* Dollar index hits 4-yr high as Fed fuels rate hike fears
* U.S. crude stocks rose 3.7 mln bbls last week - EIA
* Winter demand should support oil prices - OPEC delegates
By Jane Xie
SINGAPORE, Sept 18 (Reuters) - Brent crude dropped towards $98 per barrel on Thursday, pressured by a stronger dollar on fears about a looming U.S. interest rate increase and a steep spike in U.S. crude stocks.
Poor demand and abundant supplies have pushed down the oil benchmark to a 26-month low earlier this week, and have kept it below $100 for more than a week.
Brent crude for November delivery was down 50 cents lower at $98.37 a barrel by 0321 GMT. The October U.S. crude contract fell 63 cents to $93.79.
“There’s nothing to push it higher. The dollar is getting stronger and the overall market is weak with high inventories,” said Tony Nunan, oil risk manager at Mitsubishi Corp in Tokyo.
The dollar climbed to its highest in more than four years against a basket of currencies amid indications that an increase in U.S. interest rates might happen faster than expected when the Federal Reserve starts tightening monetary policy.
A stronger dollar makes dollar-priced commodities such as oil more expensive for buyers using other currencies.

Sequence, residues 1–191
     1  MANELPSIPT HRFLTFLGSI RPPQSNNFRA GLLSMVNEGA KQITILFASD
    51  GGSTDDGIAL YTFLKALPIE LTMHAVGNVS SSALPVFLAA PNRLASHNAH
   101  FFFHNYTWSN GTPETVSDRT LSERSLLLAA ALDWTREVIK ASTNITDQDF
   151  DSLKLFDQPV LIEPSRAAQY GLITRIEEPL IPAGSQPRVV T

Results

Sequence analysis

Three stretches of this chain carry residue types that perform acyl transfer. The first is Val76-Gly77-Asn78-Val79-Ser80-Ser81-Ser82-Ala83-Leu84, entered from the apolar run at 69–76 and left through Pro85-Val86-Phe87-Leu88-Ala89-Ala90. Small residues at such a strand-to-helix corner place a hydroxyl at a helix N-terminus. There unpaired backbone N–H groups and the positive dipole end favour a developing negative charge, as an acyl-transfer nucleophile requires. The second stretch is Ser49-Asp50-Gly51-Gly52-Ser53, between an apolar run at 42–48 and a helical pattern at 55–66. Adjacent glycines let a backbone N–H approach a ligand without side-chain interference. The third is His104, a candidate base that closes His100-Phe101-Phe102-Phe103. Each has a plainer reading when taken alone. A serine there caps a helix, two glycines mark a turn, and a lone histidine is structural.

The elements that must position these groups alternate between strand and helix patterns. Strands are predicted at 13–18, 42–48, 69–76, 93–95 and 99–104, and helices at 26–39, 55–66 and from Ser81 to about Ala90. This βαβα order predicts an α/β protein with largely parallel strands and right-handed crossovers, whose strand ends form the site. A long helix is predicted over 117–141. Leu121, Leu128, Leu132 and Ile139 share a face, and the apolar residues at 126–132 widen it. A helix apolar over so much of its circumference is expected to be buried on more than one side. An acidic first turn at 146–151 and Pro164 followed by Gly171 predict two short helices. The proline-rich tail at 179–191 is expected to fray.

U.S. crude stocks rose 3.7 million barrels last week, defying analysts’ forecasts for a drop of 1.6 million barrels, due to climbing imports and lower refinery run rates, data from the Energy Information Administration data showed on Wednesday.
But Nunan said oil prices may be approaching their bottom, having fallen steeply from June and with markets looking forward to a potential output cut by the Organisation of the Petroleum Exporting Countries.
Brent has lost around 15 percent since hitting a nine-month peak of $115.71 in June.
“We’ve come down so far that now with talks of OPEC cutting supply, I think we are pretty close to the bottom and the market could be moving sideways from here,” Nunan said.
OPEC Secretary General Abdullah al-Badri said on Tuesday that a 500,000-barrel per day cut in OPEC’s oil supply to 29.5 million bpd in 2015 was possible, although that was downplayed by other delegates who expected stronger winter demand to boost prices.
Prince Abdulaziz Bin Salman Bin Abdulazi, deputy oil minister of Saudi Arabia, OPEC’s swing producer, said that short-term price moves have “little meaning” for the kingdom, who views long-term oil market fundamentals as “robust”.
Potential supply risks have helped provide a floor to oil prices.
Libya’s oil production fell by about 200,000 bpd due to an outage at the El Sharara field, while Nigerian oil unions continued a strike which could affect exports.
Reporting By Jane Xie; Editing by Manolo Serapio Jr. and Michael Perry